Released: December 14, 2012
Public Says U.S. Does Not Have Responsibility to Act in Syria
Israel Support Unchanged in Wake of Gaza Conflict
As fighting in Syria rages on between government forces and anti-government groups, the public continues to say that the U.S. does not have a responsibility to do something about the fighting there. And there continues to be substantial opposition to sending arms to anti-government forces in Syria.
The latest national survey by the Pew Research Center for the People & the Press, conducted Dec. 5-9 among 1,503 adults, also finds little change in the public’s sympathies in the conflict between Israel and the Palestinians: 50% say they sympathize more with Israel while just 10% sympathize more with the Palestinians.
Only about quarter of Americans (27%) say the U.S. has a responsibility to do something about the fighting in Syria; more than twice as many (63%) say it does not. These views are virtually unchanged from March.
Comparable majorities of Republicans (66%) , Democrats (61%) and independents (65%) say the U.S. does not have a responsibility to do something about the fighting in Syria, and all partisan groups also oppose arming anti-government groups.
Those who have heard a lot about the situation in Syria offer modestly more support for U.S. involvement than those who have heard less (35% vs. 22%), but still, on balance, say the U.S. does not have a responsibility to get involved.
Opinions about the United States’ responsibility to act in Syria are similar to views about obligation to act in Libya, before the U.S. and its allies launched airstrikes against Moammar Gadhafi’s forces. In March 2011, just 27% said the U.S. had a responsibility to do something about the fighting in Libya — the same percentage that says that about Syria today. Higher percentages said the U.S. had a responsibility to do something about the fighting in Darfur in 2006 (51%) and fighting between Serbs and Bosnians in Kosovo in 1999.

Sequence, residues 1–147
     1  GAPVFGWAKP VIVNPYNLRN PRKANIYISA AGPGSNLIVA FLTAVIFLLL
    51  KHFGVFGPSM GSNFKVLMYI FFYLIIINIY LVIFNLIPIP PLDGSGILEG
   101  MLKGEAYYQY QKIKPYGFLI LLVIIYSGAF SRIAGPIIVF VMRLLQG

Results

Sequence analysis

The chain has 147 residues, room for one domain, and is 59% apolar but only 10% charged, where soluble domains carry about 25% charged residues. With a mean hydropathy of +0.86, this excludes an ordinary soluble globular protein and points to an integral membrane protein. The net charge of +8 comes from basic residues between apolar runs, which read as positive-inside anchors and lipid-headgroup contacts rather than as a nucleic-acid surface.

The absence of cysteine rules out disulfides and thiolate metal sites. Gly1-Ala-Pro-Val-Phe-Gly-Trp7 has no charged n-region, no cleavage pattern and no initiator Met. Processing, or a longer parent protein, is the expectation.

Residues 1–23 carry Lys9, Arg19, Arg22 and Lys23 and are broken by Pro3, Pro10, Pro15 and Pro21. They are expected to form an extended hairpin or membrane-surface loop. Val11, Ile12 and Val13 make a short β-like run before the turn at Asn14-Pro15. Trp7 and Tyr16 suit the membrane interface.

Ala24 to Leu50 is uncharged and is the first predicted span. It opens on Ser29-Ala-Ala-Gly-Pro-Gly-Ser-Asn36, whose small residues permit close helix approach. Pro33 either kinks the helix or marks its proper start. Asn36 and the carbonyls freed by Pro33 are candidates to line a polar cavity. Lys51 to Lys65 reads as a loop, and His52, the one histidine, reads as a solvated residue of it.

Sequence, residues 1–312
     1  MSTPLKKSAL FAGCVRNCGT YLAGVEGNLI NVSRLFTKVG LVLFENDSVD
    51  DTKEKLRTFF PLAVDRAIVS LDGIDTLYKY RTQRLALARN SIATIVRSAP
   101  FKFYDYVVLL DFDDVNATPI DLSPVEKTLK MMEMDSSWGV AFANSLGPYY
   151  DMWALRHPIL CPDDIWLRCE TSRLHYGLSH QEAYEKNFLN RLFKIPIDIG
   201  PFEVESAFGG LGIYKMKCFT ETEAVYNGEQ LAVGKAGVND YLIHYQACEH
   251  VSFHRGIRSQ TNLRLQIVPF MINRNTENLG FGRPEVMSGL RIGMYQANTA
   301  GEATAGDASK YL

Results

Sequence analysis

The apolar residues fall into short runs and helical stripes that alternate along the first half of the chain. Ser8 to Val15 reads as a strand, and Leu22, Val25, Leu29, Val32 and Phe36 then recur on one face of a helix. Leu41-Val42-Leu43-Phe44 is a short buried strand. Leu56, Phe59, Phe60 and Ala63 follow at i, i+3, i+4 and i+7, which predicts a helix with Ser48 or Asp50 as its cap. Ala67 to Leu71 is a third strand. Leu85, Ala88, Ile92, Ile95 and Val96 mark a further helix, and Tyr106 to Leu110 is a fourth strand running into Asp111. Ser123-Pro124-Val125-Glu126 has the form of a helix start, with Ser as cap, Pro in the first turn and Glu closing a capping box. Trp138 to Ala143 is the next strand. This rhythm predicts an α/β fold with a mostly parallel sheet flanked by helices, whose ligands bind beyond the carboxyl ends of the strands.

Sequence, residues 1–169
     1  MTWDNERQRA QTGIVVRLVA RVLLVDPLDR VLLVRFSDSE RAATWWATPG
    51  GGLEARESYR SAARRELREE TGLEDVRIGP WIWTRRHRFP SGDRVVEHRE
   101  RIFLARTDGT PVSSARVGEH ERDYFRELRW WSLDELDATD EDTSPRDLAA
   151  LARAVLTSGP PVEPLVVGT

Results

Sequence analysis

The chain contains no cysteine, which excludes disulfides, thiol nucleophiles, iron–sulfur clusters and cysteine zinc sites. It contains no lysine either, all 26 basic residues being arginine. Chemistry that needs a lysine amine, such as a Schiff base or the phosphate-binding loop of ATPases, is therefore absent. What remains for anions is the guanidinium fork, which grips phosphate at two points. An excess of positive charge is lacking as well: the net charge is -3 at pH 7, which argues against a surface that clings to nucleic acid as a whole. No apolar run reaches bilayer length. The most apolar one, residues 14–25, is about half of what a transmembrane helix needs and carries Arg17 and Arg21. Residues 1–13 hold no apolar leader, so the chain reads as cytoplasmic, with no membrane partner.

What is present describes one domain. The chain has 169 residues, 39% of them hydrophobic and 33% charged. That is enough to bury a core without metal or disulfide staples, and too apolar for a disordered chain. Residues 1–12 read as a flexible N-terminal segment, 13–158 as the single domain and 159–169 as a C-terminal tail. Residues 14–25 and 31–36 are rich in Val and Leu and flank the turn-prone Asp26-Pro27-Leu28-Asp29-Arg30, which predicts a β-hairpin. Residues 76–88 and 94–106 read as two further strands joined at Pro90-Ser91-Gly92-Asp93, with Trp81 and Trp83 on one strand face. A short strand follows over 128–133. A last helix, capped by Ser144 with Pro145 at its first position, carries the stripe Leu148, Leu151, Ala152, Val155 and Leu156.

There has long been little public interest in the conflict in Syria. In a separate survey conducted last week (Dec. 6-9), just 19% say they are paying very close attention to political violence in Syria, while 28% say they are following this story fairly closely. About half (52%) are paying little or no attention to developments there.
For decades, the public has sympathized with Israel over the Palestinians and that remains the case today. Overall, 50% say they sympathize more with Israel, compared with just 10% who say they sympathize more with the Palestinians; almost a quarter (23%) do not offer an opinion while 13% volunteer that they sympathize with neither side, and 4% say both.
Attitudes on this question have been stable over the past six years, after showing more volatility in the middle of the last decade.
There continue to be stark partisan differences in Middle East sympathies. Conservative Republicans maintain strong support for Israel with fully 75% saying they sympathize with Israel compared with just 2% who sympathize with the Palestinians. By contrast, liberal Democrats are much more divided: 33% sympathize more with Israel, 22% with the Palestinians. Independents sympathize more with Israel by a 47% to 13% margin.
Among religious groups, white evangelical Protestants remain strongly supportive of Israel. Two-thirds (67%) say they sympathize more with Israel; only 5% say they sympathize more with the Palestinians. Opinion among other religious groups is more mixed. Catholics, for example, offer more sympathy for Israel than the Palestinians by a 44% to 11% margin.
There also are age differences in Mideast sympathies. About four-in-ten (38%) people younger than 30 sympathize more with Israel than the Palestinians. That is only slightly lower than the percentage of 30-49 year olds who sympathize with Israel (46%). However, more than half of those 50 and older (58%) sympathize with Israel more than the Palestinians. Age differences were more modest in 2011 and 2010.